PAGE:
Cool! Observations

I've noticed some cool and interesting things in my garden over the past week. Some more obvious than others.

For instance, this obviously is a plant you don't want to get too close to, right?


Unless you're a female praying mantis I guess:

That seems like a pretty darn safe place for that egg case -- well done!

Rose mallow sure does produce a lot of seeds:

I guess that's why Mike was eager for me to take one earlier this year. Anybody want seeds?

Canna 'Paton' just keeps blooming:

This was the best $2 I spent last year... or was it the year before?

The pond is ever-changing and always surprising. Enjoying the view of the plants and past them:

The dragonflies have more use for the plants than I do:

So cool! When I think about something of this size living and thriving under the water, it makes me want to find out so much more: what has it been eating? Where does it hide -- in the muck at the bottom, or in the plants? How many underwater creatures are there below the surface? How many different types? Why didn't the fish eat this juicy morsel? (You get the idea.)

Speaking of the pond, the algae is 95% gone now, and the water is as clear as it has ever been:

I'd like to take credit for this -- the addition of the beneficial bacteria certainly has been helping -- but I think it was the 4" (10cm) of rainfall we've had recently that really helped. The fish aren't used to the clear water, and are hiding a lot more these days. (Good thing there are lots of submerged plants to provide concealment, or I might actually get to see them once in a while.)

The rain helped everything else too, like this unplanned combo of garlic chives, cypress vine, and Rudbeckia triloba:

The garlic chives were the only thing I planted here myself, but this combo appears here every year in late summer. I love it!

The bees love it too:

Those garlic chive blooms attract so many pollinators! They're a great late-season bloomer (and will pop up everywhere in the garden. I almost have enough of these for commercial production now).

Speaking of late-season bloomers:

The scarlet sage (Salvia coccinea) is always wonderful. I love the velvety stubs of the emerging blooms, especially with the dark-calyx varieties. Hummingbirds love these blooms, which is cool too.

Another plant that loved the overdue rain was the bamboo, which can grow rhizomes so amazingly fast when it's hot and there's enough water:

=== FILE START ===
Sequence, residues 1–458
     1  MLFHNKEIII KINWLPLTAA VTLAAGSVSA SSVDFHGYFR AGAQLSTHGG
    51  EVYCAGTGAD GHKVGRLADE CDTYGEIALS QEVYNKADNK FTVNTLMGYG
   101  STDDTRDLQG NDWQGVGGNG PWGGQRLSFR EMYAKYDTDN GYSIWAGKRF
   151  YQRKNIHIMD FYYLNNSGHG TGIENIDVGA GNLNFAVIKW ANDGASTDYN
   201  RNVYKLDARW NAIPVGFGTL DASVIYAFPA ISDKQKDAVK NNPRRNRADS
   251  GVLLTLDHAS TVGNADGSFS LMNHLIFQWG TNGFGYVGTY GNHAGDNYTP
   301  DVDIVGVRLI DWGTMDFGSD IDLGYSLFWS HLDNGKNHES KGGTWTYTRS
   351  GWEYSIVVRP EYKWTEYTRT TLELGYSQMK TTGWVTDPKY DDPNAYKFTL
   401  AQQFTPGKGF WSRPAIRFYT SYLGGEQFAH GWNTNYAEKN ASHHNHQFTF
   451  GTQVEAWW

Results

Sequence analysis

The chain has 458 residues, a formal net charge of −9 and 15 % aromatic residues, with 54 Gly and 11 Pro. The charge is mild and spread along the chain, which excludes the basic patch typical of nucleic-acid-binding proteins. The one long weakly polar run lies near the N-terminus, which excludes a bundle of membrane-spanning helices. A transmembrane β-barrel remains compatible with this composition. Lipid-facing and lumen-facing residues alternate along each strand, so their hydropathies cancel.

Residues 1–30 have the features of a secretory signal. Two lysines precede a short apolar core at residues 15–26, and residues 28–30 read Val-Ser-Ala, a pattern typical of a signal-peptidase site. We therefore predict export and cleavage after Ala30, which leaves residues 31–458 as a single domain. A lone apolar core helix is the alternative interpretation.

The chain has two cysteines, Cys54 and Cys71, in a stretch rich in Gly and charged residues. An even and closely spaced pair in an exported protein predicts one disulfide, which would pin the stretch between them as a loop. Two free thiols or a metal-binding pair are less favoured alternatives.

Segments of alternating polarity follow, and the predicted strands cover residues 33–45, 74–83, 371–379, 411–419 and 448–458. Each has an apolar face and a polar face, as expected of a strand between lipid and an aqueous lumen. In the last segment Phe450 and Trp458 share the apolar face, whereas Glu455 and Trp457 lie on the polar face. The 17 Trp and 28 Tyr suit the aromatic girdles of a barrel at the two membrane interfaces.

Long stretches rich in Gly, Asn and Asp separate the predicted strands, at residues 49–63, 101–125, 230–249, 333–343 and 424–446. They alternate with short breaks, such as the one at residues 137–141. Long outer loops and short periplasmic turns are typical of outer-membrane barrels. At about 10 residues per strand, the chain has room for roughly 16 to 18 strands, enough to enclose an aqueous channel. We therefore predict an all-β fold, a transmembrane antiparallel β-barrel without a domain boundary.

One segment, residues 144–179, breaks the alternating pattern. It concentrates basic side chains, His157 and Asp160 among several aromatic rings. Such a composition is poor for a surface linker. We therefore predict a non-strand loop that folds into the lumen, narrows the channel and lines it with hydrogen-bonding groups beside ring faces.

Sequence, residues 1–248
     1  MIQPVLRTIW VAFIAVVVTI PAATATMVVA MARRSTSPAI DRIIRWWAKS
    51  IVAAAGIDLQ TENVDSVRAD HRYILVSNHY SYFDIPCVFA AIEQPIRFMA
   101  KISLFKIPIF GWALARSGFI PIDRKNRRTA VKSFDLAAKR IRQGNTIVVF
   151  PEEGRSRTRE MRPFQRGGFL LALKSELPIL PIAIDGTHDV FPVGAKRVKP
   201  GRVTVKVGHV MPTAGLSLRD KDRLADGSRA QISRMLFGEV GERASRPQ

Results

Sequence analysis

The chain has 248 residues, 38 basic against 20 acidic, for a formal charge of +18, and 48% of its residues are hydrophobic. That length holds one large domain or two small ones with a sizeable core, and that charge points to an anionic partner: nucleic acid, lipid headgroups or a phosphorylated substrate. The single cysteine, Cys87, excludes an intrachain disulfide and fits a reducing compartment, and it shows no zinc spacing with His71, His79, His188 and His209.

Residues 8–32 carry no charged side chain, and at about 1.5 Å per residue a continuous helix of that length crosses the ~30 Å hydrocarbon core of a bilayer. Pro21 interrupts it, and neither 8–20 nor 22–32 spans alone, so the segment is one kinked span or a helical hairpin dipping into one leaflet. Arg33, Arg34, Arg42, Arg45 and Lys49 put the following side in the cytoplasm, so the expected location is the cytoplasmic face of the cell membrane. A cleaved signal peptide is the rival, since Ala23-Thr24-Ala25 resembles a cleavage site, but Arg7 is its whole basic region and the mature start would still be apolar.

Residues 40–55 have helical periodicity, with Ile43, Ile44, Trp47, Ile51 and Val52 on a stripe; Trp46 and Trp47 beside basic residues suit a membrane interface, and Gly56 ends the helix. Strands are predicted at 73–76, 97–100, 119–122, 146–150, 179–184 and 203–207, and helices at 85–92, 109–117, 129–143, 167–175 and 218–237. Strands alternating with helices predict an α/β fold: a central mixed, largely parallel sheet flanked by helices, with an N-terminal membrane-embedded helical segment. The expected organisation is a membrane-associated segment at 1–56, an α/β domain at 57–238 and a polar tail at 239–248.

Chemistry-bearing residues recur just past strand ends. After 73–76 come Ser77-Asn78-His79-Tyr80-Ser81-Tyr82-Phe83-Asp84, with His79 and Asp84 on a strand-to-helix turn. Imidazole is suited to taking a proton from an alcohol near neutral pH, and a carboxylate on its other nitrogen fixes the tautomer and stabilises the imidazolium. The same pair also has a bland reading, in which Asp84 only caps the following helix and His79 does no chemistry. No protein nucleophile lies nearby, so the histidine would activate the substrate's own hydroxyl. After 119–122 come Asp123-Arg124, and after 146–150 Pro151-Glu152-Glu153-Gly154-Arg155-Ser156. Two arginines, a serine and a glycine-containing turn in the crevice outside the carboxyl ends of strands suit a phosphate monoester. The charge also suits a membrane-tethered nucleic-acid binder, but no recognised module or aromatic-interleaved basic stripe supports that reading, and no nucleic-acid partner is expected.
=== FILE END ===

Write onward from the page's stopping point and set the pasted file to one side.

This division is just a couple of weeks old, and already it's trying to fill the pot with rhizomes!

Which reminds me: I need to do a lot more rhizome pruning soon, or I'll be sharing bamboo with both of my neighbors -- whether they want it or not.

And that's not cool.


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Lucy Corrander Now in Halifax!  – (September 14, 2012 at 11:06 AM)  

Always like to see seeds in their half hidden state - and the Salvia Coccinea is cheerful.

scottweberpdx  – (September 14, 2012 at 11:39 AM)  

Love the impromptu combo with the Chives & Rudbeckia...and that might be the smartest Mantis mother EVER.

Gerhard Bock (Succulents and More)  – (September 14, 2012 at 12:21 PM)  

I love the garlic chives combo, too. Sometimes the most beautiful things happen without our intervention.

Anonymous –   – (September 14, 2012 at 1:05 PM)  

Hey just found your blog. Would love to get via email I didnt see a thing to sign up for it. whaaah


Alan  – (September 14, 2012 at 1:09 PM)  

Angela -- I have just added the "follow by email" option (in right column)

Looking to land  – (September 14, 2012 at 4:29 PM)  

Hi, Alan. Love your blog and pics. I live in STL so there is a closeness to it. Plant and weatherwise I can relate so much, :) Your bamboo plantings are lovely. There is a Chinese saying that goes: A nice home cannot go without some bamboos. Your home is a good example. Hope I'll add some to my house someday. I'd like some rose mallow seeds if you have extra. David

Alan  – (September 14, 2012 at 4:44 PM)  

David -- email me (link on my "about" page).

Christine  – (September 14, 2012 at 6:18 PM)  

Oh my ... the combo of garlic chives, cypress vine, and Rudbeckia is simply beautiful! Such gorgeous colours.

Christine –   – (September 14, 2012 at 6:20 PM)  

PS: Hurrah for the subscribe link!

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